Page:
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Plumage from Pegasus
by Paul Di Filippo

What Immortal Hand or Eye Could Frame Thy Dreadful Copyright?


TODAY was my father's five-hundredth birthday, and also the day that I had determined to murder him.

But before you think too poorly of me, let me inform you that my father was Arden Pence.

Yes, that Arden Pence! Creator and sole owner of what had once been one of the most beloved entertainment franchises in the inhabited Solar System: Rajah Robot and Poxy Toff, Oort Cloud Explorers. A multi-platform, full-sensory, optionally immersive fictional construct that had generated trillions in profits, but which, for the past two centuries, had not manifested a single new idea, instead gradually frittering away all its goodwill and prestige in an endless series of self-imitation and recycling, until now the series was practically a byword for staleness and decrepitude.

I was Arden Pence's sole heir, his son, Kilmer. Although a youthful two-hundred-and-sixty-five years old, I was not getting any younger, and my well of patience had steadily evaporated to undetectable amounts. For two hundred years I had been biding my time, watching in frustration as my father's intellectual property, the delight of my own childhood, dwindled and became a source of predictable mild amusement for the public, all the while waiting for some mortal accident—a quench in the nearest zero-point capacitor, a hail of rogue strangelets from an exploding spaceship—to strike my progenitor and legally deliver the franchise into my hands.

By all rights, Rajah Robot and Poxy Toff belonged to me, as Arden Pence's only relative! But the immutable laws of ownership and copyright—unchanged since the distant twenty-first century, thanks to the Disney corporation and pals: life plus seventy years!—insured that Rajah and Poxy would remain in my father's negligent and uncaring hands. How very unfair!

My father had certainly derived enough income from them already, enough to sustain him for the rest of his immortal years, and plainly he had no more interest in crafting exciting new adventures for his widely beloved characters. I, however, had great ideas about how to revive the franchise, and place it once again at the top of the entertainment pyramid. A complete reboot, employing the writerly skills I had inherited from Dad, but had never been able to utilize. Rajah Robot would no longer have access to multiple bodies, you see, while little Poxy Toff would have to grow up at last into attractive womanhood. As for Flora Aurora and Badfinger Bill—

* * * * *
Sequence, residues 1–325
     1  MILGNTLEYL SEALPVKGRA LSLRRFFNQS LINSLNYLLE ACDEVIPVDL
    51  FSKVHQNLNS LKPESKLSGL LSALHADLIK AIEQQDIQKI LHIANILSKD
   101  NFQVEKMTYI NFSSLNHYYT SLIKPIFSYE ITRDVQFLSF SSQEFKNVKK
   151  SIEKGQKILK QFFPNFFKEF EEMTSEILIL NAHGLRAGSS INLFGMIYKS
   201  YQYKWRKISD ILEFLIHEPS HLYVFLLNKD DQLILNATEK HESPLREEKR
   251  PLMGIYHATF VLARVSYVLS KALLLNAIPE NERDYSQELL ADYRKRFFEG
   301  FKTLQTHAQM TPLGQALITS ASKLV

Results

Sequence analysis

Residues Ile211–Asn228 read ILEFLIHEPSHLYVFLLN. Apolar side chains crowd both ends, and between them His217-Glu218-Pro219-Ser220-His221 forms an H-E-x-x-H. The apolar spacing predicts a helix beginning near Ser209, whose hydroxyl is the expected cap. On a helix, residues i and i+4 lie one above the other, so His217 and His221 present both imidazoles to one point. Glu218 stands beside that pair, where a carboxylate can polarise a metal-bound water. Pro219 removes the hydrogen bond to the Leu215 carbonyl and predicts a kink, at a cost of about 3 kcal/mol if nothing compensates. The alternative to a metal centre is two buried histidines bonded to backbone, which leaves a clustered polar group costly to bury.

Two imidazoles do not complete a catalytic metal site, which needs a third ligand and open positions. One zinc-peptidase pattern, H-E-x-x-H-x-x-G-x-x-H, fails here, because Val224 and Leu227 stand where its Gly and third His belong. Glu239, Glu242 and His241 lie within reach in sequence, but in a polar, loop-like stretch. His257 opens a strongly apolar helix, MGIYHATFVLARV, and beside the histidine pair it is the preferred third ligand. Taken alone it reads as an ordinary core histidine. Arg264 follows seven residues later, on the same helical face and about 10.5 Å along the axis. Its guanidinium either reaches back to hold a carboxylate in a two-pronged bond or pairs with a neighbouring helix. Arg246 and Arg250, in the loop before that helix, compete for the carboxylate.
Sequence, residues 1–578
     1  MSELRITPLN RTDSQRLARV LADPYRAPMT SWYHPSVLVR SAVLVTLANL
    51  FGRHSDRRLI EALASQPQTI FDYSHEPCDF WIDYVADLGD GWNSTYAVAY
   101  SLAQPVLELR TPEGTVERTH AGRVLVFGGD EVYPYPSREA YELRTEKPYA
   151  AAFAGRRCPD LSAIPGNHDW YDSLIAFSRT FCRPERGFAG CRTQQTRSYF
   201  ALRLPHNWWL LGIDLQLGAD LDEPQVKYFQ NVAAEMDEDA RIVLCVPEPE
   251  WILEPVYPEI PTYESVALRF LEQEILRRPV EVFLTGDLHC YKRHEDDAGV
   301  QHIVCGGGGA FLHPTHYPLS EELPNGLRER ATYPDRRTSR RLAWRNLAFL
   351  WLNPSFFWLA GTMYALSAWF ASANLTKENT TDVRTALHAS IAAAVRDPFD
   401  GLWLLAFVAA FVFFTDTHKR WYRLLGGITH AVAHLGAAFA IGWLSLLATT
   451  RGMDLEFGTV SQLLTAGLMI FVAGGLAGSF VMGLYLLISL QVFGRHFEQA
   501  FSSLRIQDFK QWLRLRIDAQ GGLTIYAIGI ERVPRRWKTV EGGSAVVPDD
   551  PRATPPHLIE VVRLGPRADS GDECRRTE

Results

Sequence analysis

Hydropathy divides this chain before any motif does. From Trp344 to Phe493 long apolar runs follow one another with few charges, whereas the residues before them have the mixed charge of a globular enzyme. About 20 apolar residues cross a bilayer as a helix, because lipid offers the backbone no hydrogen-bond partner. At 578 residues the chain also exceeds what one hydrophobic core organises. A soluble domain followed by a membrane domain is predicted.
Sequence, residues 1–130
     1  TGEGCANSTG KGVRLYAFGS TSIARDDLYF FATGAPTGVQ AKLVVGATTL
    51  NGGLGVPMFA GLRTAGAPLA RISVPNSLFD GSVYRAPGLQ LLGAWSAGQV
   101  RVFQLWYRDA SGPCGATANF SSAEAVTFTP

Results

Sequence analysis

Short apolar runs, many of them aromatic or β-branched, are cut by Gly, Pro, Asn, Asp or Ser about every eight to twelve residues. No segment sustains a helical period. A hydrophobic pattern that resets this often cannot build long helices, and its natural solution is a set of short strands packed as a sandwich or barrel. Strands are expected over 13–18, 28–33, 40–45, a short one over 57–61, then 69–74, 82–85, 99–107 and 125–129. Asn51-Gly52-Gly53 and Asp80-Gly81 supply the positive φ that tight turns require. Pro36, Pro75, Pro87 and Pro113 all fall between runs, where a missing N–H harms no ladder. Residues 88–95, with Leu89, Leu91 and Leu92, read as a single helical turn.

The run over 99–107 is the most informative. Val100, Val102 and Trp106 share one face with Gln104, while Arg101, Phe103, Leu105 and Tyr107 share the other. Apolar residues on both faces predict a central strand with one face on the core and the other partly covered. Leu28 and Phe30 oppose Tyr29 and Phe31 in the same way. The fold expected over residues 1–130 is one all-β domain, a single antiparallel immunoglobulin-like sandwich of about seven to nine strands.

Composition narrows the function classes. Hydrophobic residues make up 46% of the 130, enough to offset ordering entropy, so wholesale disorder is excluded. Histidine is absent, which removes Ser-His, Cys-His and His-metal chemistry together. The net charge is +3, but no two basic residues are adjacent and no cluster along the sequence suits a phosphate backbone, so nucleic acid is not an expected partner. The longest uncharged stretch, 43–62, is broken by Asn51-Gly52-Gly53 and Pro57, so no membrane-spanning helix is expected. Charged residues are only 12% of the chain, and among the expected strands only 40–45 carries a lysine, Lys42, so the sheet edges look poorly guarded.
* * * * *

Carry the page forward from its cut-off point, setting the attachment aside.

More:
But it pained me even to contemplate these thrilling changes. I would never get to initiate them, so long as the stubborn and passive old man lived. He was an insurmountable roadblock to my own happy future, and to the potential new enjoyment of billions of eager percipients.

And so I saw no other recourse than to commit a despicable patricide.

I had come up with what I conceived to be a foolproof scheme, ensuring that no guilt would ever fall on me. But I believed with good reason that even if I were caught and sentenced to prison, I could still continue to manage the franchise from either my quasicrystal cell in the Menger Penal Sponge or the surface of the prison moon, Mimas. I had researched the relevant laws, and so long as I derived no monetary profit from my crime, I could retain my hereditary position as Chief Executive Officer of Arden Pence, Ltd. That I would be willing to undergo incarceration for the minimum term of one-hundred-and-fifty years just to rescue Rajah and Poxy had, I thought, to resonate with any judge and jury concerned about the purity of my motives, and I was counting on a quick parole.